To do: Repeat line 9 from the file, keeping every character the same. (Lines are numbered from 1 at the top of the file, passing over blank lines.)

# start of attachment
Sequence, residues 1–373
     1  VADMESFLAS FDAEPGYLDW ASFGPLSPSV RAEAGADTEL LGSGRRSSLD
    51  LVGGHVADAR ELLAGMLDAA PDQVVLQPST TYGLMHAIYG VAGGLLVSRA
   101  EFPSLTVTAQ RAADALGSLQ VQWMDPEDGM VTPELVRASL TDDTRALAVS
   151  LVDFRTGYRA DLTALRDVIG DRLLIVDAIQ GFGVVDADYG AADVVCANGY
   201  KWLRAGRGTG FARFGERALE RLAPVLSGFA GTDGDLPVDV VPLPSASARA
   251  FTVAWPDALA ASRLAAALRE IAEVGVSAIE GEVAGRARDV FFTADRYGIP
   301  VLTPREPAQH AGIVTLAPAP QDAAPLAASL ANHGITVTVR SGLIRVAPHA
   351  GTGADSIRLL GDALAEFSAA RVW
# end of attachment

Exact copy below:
   351  GTGADSIRLL GDALAEFSAA RVW